Entrepreneurship · Copyright

How much should a startup worry about being sued for patent infringement?

Shilpa Dadhwal Founder & Director, SQE Labs Inc.

November 10th, 2016

We plan to start a small company. The idea is to host an online service which would make life easier for a lot of people. We did our research and couldn’t find anything which could qualify our idea as stolen. There are similar services but none of them has features which we plan to implement. The question is whether this is enough. I mean, we can’t afford to get sued for patent infringement and on the other hand we see so much variations of different services online. How much should we worry about being sued? What it takes to get sued for patent infringement?
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Bill Anderson Chief Product Officer at Optio Labs, Inc.

November 11th, 2016

Anyone developing a product could be sued for patent infringement.  If you are even moderately successful you should expect to be sued by a patent troll at some point.  It does not matter if the troll's patent does not actually cover what you are doing with your product/service because you will be forced to take action and spend money to defend yourself.

Startups have a lot of things to worry about, and this is just one minor addition.  There is not a lot you can do to prevent an unfair attack, so there is no point worrying about it.  Just ensure you have a little money set aside to deal with it when it happens.


Jeffrey Gross Managing Member of intellectual property firm, Entrepreneur, P/T Musician

November 11th, 2016

Of course it is also possible to be sued b/c you genuinely infringe a valid patent still owned by the original inventor. That's just part of business risk. You should definitely NOT put your activities on hold for the two years (sometimes more) and 20K in costs it takes to get a patent. Filing a provisional patent app is much less expensive - but do you even have something patentable? The SCOTUS "Alice" decision has very much tightened up what constitutes "patentable subject matter" - get an opinion on that first. If you don't have something patentable, then you also won't infringe someone else's patent.

David Austin Relentless problem solver and innovator.

November 10th, 2016

The question is where is the potential IP?  It sounds like a business plan, or a certain set of services, which is hardly patentable, and if they were magically grated a patent no judge would honor it.  If you're taking an existing service and making it cheaper, more accessible, more efficient by putting it online then that is not patentable.  You can patent some business processes (like a process flow, if it is novel and provides new functionality and advantages), but most of these can be worked around, and most patents for business processes again are very hard to enforce.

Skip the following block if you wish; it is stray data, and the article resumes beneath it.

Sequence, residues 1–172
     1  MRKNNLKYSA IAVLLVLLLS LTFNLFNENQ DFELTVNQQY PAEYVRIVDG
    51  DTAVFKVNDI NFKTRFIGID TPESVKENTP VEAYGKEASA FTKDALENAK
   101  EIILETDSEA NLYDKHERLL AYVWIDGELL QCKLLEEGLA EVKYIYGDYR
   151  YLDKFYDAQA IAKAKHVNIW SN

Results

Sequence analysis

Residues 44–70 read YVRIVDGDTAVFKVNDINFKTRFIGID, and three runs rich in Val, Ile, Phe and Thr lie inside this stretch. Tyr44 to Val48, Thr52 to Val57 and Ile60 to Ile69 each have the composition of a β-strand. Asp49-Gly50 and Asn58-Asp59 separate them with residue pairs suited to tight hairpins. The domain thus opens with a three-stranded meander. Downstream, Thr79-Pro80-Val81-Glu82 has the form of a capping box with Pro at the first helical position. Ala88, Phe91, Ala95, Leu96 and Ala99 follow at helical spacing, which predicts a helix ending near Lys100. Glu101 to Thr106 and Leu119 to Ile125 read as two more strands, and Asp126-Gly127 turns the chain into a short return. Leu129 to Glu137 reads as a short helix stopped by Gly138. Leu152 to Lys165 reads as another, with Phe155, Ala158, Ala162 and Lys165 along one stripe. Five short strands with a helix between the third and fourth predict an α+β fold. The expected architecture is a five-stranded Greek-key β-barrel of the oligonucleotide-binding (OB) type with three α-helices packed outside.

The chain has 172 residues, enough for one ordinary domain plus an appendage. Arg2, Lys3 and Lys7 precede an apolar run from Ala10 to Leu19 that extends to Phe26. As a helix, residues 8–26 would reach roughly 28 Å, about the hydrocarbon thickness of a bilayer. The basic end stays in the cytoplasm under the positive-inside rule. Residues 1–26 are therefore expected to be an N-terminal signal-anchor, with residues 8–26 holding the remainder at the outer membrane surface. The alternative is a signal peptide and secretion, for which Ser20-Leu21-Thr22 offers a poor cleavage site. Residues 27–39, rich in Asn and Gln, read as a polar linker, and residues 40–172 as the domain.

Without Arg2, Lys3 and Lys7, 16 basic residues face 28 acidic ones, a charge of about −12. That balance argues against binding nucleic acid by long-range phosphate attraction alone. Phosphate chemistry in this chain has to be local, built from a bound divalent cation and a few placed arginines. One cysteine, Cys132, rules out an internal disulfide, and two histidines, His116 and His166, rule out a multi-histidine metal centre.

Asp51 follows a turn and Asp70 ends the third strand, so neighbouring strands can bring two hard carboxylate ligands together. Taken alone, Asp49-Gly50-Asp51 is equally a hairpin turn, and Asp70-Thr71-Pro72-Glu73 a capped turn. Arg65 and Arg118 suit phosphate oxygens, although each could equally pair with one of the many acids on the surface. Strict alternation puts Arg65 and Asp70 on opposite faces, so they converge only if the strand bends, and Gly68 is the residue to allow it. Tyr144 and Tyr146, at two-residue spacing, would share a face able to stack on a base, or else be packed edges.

Martin Omansky Independent Venture Capital & Private Equity Professional

November 10th, 2016

(1) You need expert advice. (2) No one is likely to sue you unless they are highly motivated - i.e. if lots of money is involved. As a start-up, you are probably judgement-proof. (3) I doubt if the service you propose to offer can be patented anyway. Talk to my friend, Daniel Holmander, J.D., a patent attorney in Providence, RI, who can give you guidance. Sent from my iPhone1

Hambirrao Patil

November 10th, 2016

Shilpa, we need to understand Patent Infringement. Also whatever the research you did with other similar services. You have an services with extra features never mind but certainly just need to understand following quick points to make you safe from jurisdiction wherever you want avail your services.

1) Scope/Terms of services already in market- Insider the disclosure or the terms of service providers they mentioned patented invention or extent of protection is defined that wants to claim. That means whatever not allowed without permission.

2) Territory of Patents-Understand the patents are bound by territory and Infringement only possible within the territory.

Thank You!

Scott Taylor Sales & Marketing Director at Cloudia Assistant / Author: The Opportunity in Every Problem

November 11th, 2016

It's simple, get your own patent. A patent doesn't have to be completely new but putting multiple ideas together to create something new is patentable. While going through the patent process you will find out if your idea infringes or not and then, if you get the patent, nobody can copy you.

Martin Omansky Independent Venture Capital & Private Equity Professional

November 11th, 2016

Good idea. Before doing that, however, I would do a thorough patent search. The search process is much less expensive than the development and prosecution of a patent - not to me going the long time and negotiating angst required between your utility patent application and the issuance of a patent. And there is no guarantee that you won't get sued anyway, because patent trolls are ubiquitous. Sent from my iPhone